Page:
These phobias can affect simple daily activities:

  • Amaxophobia: Fear of driving
  • Ataxophobia: Fear of disorder or untidiness
  • Ergophobia: Fear of work
  • Hodophobia: Fear of traveling

Fear of Certain Objects

These fears too, are related to everyday things or unusual objects such as:

No matter how strange or unexpected your phobia may seem, help is available. Don’t be afraid to reach out to your healthcare provider for help with your anxiety symptoms.

Additional Phobias

This list of phobias is not meant to be comprehensive. Almost anything human beings experience in their everyday lives can become a source of fear or anxiety.

Phobia Treatment

There is no single known cause of phobias. In some cases, a traumatic event can trigger a persistent, intense fear. In other cases, phobias may run in families. 

However, phobias are usually treatable. Treatment for phobias may include:

  • Exposure therapy: This is a kind of behavioral therapy that involves gradually confronting the source of your anxiety in order to break the cycle of avoidance.
  • Psychotherapy: Specific psychotherapy approaches such as cognitive behavioral therapy (CBT) in a group or individual setting may be helpful with phobias.
  • Prescribed medications: These include antidepressants, beta-blockers, and anti-anxiety medications (such as benzodiazepines).
  • Relaxation techniques: Examples are breathing techniques and mindfulness exercises

Some people with phobias are afraid to seek help out of shame. Others don’t know that phobia treatment options are available. But with a qualified therapist, most treatment for phobias is effective.

Can You Outgrow Phobias?

Many common phobias, such as trypanophobia (fear of injections and needles), begin in childhood. Around 25% of children and adolescents experience an anxiety disorder at some point. In some cases, childhood phobias may persist into adulthood. With effective treatment, however, many children leave their phobias behind as they get older.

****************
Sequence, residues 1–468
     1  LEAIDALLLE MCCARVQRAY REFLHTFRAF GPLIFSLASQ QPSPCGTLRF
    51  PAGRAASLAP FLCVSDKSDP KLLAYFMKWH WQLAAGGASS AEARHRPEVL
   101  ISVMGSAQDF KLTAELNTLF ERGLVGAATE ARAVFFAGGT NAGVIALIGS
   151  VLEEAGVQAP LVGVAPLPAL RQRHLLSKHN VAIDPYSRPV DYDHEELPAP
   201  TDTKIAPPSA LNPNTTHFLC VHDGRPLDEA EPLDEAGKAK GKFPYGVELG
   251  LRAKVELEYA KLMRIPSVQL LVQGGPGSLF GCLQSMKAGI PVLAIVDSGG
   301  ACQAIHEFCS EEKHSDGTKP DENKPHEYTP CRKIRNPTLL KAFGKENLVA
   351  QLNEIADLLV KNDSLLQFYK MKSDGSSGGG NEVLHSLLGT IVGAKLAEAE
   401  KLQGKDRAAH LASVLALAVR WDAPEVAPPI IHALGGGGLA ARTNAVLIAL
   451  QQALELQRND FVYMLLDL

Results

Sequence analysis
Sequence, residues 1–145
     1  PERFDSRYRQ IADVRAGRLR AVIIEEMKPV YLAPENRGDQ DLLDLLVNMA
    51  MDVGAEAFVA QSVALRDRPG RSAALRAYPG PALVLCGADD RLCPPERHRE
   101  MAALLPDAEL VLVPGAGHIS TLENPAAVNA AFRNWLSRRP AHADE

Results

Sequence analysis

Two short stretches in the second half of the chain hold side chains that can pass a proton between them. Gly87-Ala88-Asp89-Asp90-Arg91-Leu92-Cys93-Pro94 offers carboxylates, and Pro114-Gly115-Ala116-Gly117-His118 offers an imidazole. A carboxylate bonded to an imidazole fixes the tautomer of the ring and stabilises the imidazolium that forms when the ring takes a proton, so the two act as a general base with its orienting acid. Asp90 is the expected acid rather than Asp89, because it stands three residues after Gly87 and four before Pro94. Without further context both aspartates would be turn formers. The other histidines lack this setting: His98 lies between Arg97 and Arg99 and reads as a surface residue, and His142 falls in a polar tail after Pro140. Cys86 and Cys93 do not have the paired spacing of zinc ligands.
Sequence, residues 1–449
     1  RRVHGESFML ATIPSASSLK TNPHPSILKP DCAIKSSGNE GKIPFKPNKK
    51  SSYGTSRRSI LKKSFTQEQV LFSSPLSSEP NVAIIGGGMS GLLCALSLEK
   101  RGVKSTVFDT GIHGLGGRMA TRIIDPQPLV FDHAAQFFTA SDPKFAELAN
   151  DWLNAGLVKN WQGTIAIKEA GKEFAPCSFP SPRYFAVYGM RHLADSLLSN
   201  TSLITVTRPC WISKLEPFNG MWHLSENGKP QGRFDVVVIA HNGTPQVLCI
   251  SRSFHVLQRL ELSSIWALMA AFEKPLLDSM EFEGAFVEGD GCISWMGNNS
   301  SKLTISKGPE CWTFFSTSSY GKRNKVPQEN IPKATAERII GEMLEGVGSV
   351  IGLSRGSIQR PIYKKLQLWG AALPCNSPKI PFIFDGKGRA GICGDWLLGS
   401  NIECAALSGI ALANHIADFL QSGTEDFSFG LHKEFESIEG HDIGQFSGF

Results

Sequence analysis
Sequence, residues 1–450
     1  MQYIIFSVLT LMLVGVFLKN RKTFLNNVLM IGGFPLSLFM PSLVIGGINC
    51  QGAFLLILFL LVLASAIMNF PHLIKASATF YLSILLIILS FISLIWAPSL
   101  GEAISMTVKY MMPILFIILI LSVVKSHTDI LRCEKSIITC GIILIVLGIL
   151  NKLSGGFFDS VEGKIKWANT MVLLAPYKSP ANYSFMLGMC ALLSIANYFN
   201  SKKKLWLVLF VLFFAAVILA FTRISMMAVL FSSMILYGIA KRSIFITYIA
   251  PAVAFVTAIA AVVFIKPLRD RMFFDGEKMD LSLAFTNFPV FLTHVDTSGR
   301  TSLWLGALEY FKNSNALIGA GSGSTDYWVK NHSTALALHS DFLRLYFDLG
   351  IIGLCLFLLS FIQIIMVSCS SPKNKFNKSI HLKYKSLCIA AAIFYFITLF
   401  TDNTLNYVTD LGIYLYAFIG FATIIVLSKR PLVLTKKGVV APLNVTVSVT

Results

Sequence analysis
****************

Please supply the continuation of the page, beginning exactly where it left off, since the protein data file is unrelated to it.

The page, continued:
Summary

A phobia is a type of anxiety disorder that causes persistent, intense, and often irrational fear about a certain situation or thing.

Specific phobias are those that involve intense fear about a specific object or situation, including common fears such as claustrophobia. Other common phobias include social phobia and agoraphobia.

Treatment is effective for most people with phobias. Phobia treatment options include exposure therapy, prescribed medications, cognitive behavioral therapy (CBT), and mindfulness techniques.

A Word From Verywell

Many people with phobias are ashamed to talk about their fears and anxiety. But help is available and usually effective. Don’t be afraid to talk to your healthcare provider if your anxiety is interfering with your daily life.

Frequently Asked Questions

  • What are some rare phobias?

    Almost any object, situation, environment, person, or animal can become a source of intense fear or anxiety. Some rare phobias include plutophobia (fear of money), ablutophobia (fear of bathing), chaetophobia (fear of hair), and eisoptrophobia (fear of mirrors).

  • Is it possible to get rid of a phobia?

    Phobias can be safely and effectively treated. Common phobia treatments include psychotherapy and anti-anxiety medications. Exposure therapy, which involves facing the source of your fears with the support of a qualified therapist, may also be effective.

  • Why do phobias exist?

    The exact cause of phobias is currently unknown. Some phobias are caused by traumatic events, especially during childhood. In some cases, certain phobias run in families.

12 Sources
Verywell Health uses only high-quality sources, including peer-reviewed studies, to support the facts within our articles. Read our editorial process to learn more about how we fact-check and keep our content accurate, reliable, and trustworthy.
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By Laura Dorwart
Laura Dorwart is a health journalist with particular interests in mental health, pregnancy-related conditions, and disability rights. She has published work in VICE, SELF, The New York Times, The Guardian, The Week, HuffPost, BuzzFeed Reader, Catapult, Pacific Standard, Health.com, Insider, Forbes.com, TalkPoverty, and many other outlets.